Demos in Catalonia after Spanish Civil Guard Arrest 14 Members of Catalan Govt on Sep 20th
This is another post looking back on the events of September in Catalonia in the run-up to the referendum on independence from Spain on October 1st. Here I discuss what happened on September 20th when the Spanish Civil Guard raided the Catalan Treasury and other Generalitat offices and arrested 14 members of staff, the most important of whom were the secretaries of Economy and the Treasury, Pere Aragonés and Lluís Salvadó.
As a result of the arrests, from about 11 o’clock in the morning, thousands of people gathered outside the Catalan Treasury offices on the corner of Gran Via and Rambla de Catalunya. The massive demonstration blocked Barcelona city centre and the protests were replicated in towns all across Catalonia.
The pro-independence press described the raids as a coup d’etat and a show of force by the Spanish government. Then later in the day, at 10 pm, the cassolades or saucepan protests began and the whole population of Barcelona and the rest of Catalonia came out onto the balconies to bang saucepans in protest against the arrests. I was out on the balcony each with a saucepan and a wooden spoon making as much noise as we could and shouting “In-inde-independència!”. The racket that the thousands of people make is truly belittling and I’m sure the tourists, who were walking around the streets where we live in central Barcelona, thought we’d gone completely nuts.
The cassolades are another reason why I admire the Catalans so much. They are a peaceful way of making your voice heard and are very much in tune with the creative style of the massive street protests in favour of Catalan independence that have been organised over the last few years. The way they take the streets in a civilised civic manner is both impressive and admirable.
However, the show of force by the Spanish government made me doubt whether the referendum would go ahead or not and reminded me of the Catalan expression “No diguis blat fins que està al sac i ben lligat”, which literally translates as “Don’t call it corn until it’s in the sack and properly tied” and is the equivalent of “Don’t count your chickens until they’re hatched”.
The objective of the raids was not only to stop the financing of the referendum but also to instil an atmosphere of fear. There were still ten days to go and it was clear that the Spanish government was capable of a lot more. The Spanish argument was that the referendum was unconstitutional and therefore illegal and as they had already shown, they were prepared to use the National Police and the Civil Guard, and possibly the Army, as and when they considered necessary.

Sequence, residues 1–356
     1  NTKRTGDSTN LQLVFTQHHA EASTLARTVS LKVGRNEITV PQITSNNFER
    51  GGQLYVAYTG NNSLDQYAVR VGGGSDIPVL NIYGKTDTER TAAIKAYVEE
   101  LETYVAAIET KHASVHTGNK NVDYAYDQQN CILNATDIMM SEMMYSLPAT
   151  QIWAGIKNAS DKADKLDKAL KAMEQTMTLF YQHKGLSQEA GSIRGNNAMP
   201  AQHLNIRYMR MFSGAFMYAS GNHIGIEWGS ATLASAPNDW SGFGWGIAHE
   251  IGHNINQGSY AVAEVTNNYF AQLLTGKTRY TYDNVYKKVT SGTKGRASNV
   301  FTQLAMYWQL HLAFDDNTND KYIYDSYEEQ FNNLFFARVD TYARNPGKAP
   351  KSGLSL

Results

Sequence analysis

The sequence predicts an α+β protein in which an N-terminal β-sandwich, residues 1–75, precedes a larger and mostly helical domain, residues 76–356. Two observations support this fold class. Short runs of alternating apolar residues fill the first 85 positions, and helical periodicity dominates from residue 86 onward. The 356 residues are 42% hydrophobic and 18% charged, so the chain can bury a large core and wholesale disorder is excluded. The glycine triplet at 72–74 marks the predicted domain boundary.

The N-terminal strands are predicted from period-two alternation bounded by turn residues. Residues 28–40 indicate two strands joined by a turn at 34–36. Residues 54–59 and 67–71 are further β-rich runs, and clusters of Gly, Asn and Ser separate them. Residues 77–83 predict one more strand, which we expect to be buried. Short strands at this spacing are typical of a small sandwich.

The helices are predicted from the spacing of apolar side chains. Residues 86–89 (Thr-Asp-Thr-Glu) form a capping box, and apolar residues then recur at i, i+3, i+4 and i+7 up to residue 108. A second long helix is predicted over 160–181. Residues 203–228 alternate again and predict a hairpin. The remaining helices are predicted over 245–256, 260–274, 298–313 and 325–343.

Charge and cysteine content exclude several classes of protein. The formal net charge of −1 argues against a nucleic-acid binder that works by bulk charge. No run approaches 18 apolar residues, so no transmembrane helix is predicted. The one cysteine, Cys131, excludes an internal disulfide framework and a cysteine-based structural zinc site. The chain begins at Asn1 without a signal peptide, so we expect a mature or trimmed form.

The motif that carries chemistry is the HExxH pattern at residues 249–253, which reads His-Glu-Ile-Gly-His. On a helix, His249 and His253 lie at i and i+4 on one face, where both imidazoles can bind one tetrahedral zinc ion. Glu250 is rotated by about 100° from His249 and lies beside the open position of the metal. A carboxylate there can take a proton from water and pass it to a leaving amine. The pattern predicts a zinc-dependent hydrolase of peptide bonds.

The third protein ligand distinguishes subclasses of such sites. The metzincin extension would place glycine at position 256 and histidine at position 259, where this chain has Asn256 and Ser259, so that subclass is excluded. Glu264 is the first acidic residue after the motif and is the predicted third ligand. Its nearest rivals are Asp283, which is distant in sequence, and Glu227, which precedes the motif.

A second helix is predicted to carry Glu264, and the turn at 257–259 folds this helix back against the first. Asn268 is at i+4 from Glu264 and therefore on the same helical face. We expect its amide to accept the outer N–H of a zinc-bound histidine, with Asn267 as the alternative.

The Catalan Mossos d’Esquadra were in the difficult position of being directly employed by the Generalitat but ultimately responsible to the Spanish government. It was their job to keep the peace and the Spanish authorities were bound to hold them to that.
At the time, I thought that by hook or by crook some kind of referendum would go ahead but it certainly wouldn’t take place under normal circumstances. Around 80% of Catalans wanted a referendum and much more than 50% of those who turned out would vote in favour of independence so the Catalans would claim victory. However, given the strange circumstances, it was obvious that the Spanish authorities wouldn’t accept the result.
I had been saying for some time that ultimately there would be no other option the a Unilateral Declaration of Independence so everything would depend on whether the Catalan politicians, most notably President Puigdemont, had the guts to go through with it.
The Catalans’ reaction to the Spanish police raids was clear. Thousands of people were out on the streets and Julian Assange tweeted out “Spain lost Catalonia today”. I wasn’t sure whether this was completely true. It was definitely the day when the confrontation between Catalonia and Spain stepped up a gear.
I felt at the time that if Catalonia’s push for independence was successful, September 19th 2017 would be be remembered as a turning point when the Spanish authorities overstepped the mark but on the other hand, if the Catalonia didn’t gain independence it would be seen as a black day in history, which would probably have consequences.
To say that Spain had lost Catalonia that day was something of an exaggeration. I think that Spain began losing Catalonia in the days after the first big Diada rally on September 11th 2012, when the Catalan independence movement hadn’t yet coalesced into something stable. Had Marian Rajoy reacted positively to Catalan complaints when Artur Mas visited him in Madrid, the pro-independence bubble could well have burst and everything would have been business as usual.
There had been many ups and downs in the previous five years but we were about to reach the climax to the independence process. I still didn’t really know what was going to happen. I didn’t have the blind faith of many of my Catalan friends perhaps because, as a foreigner, it was a little easier for me to remain objective.
- For future reference here is the account of the day from La Vanguardia: Cronología del 20-S, el día en que se ha acelerado la crisis catalana